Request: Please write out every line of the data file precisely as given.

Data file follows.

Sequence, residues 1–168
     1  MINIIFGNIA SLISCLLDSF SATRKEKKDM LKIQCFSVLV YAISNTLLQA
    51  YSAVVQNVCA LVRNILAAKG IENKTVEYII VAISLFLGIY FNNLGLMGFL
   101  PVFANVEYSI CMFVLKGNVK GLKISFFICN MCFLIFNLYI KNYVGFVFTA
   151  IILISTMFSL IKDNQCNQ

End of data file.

Sequence, residues 1–168
     1  MINIIFGNIA SLISCLLDSF SATRKEKKDM LKIQCFSVLV YAISNTLLQA
    51  YSAVVQNVCA LVRNILAAKG IENKTVEYII VAISLFLGIY FNNLGLMGFL
   101  PVFANVEYSI CMFVLKGNVK GLKISFFICN MCFLIFNLYI KNYVGFVFTA
   151  IILISTMFSL IKDNQCNQ